SPC Edgett is active in his church as a member of the Knights of Columbus and coordinator of the St. Pius X military veterans’ group. He is a member of Port 5 and works with the Homes for the Brave to provide necessities to the veterans housed there. We are pleased to honor SPC Edgett as part of this year’s Sticks for Soldiers Tournament.

Donations may be sent to:                                                                                                        

 

Sticks For Soldiers, Inc.

c/o Treasurer

PO Box 475

Fairfield, CT 06824-0475

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United States Army Specialist Calvin Todd

 

Calvin Todd is originally from Deerfield, NH. He started playing lacrosse at 12 years old. To him, “it (lacrosse) seemed like the world’s greatest invention.” He loved to play and decided to become a goalie because he knew that it would provide him with the most opportunities to play.

 

After graduation from high school, Calvin attended the College of Wooster, where he played lacrosse during his freshman and sophomore years. Unfortunately, after his sophomore year, Calvin was dealt a blow when he suffered a career ending injury to his hand and wrist. The loss of lacrosse was difficult for Calvin to deal with but, like so many other challenges he faced in life, Calvin would not be kept down. He attained his certification to officiate; a certification that transitioned to coaching.

 

In the spring of 2010, just a few months before his college graduation, Calvin heard the call to service and enlisted in the United States Army putting his love for lacrosse on hold once again. Calvin trained to become an Army medic so that he could render aid and support to soldiers in need. Upon completion of his training, Calvin was assigned to 1-64 AR, 2HBCT, 3rd Infantry Division at Fort Stewart, GA. In March of 2012, Calvin and his unit were deployed to Afghanistan on a nine month deployment.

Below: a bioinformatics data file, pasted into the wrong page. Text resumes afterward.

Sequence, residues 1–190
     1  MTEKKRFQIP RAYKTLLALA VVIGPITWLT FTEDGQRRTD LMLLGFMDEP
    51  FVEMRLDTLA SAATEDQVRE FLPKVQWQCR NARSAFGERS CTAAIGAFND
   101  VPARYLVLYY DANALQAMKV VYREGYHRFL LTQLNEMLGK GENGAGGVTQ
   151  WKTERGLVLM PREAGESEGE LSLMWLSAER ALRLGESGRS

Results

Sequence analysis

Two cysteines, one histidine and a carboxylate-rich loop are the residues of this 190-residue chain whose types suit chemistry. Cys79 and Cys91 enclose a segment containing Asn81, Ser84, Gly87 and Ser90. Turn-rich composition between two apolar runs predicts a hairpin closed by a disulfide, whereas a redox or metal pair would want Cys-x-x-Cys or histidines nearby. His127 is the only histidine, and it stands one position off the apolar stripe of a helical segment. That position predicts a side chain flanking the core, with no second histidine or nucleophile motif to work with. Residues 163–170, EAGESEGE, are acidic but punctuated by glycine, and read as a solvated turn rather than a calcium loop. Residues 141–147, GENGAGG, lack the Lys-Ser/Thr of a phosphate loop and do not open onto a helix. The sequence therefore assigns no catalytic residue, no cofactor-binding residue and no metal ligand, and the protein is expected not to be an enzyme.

On October 4, 2012, SPC Todd was part of a four-day mission in Afghanistan to clear improvised explosive devices (IEDs) and push the Taliban out of the nearby villages. His unit was about 200 meters from its final checkpoint when Taliban fighters opened fire. While moving up front to assist three other soldiers that had been wounded by an IED, Calvin stepped on a secondary device . As a result, Calvin lost his lower left leg. He was transported to Walter Reed National Military Medical Center in Bethesda, MD to begin the recovery process.

 

During his recovery, Calvin had to learn to walk again. He also worked to learn to run in a modified form. He had to deal with the phantom limb pain and the constant swelling and shrinking of his residual limb. For a while he was lost and confused when thinking of the course for the rest of his life. He questioned whether he would ever be able to follow his passion for lacrosse again.

 

One day during his recovery, SPC Todd received an email from his former club coach, Jeff Coulson, inviting Calvin to play in an annual winter tournament. Coach Coulson was not aware of Calvin’s injuries. Calvin saw this contact as an opportunity to set a goal for himself: to play again. Calvin knew that he had fought through adversity and injury before and was confident he could do it again. Four months after starting rehabilitation, he began to run again and just a few months after that in March of 2013, he volunteered to coach a local lacrosse program in Washington, DC.

 

Calvin credits lacrosse for laying the foundations of the man he is today, values further enhanced by his time in service. Lacrosse has motivated him to return to the most normal, active life he can have. Calvin has since studied furniture building and is currently trying to establish himself with his own business. Calvin currently lives with his wife and young son. While he no longer plays, he continues to help Jeff coach the Catamounts when he can.

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Checks made payable to:

Sticks for Soldiers, Inc.

Memo note: 2017 S4S

 

S4S is a 501(c)(3) Tax exempt organization

recognized by the IRS. EIN # 46-0962202.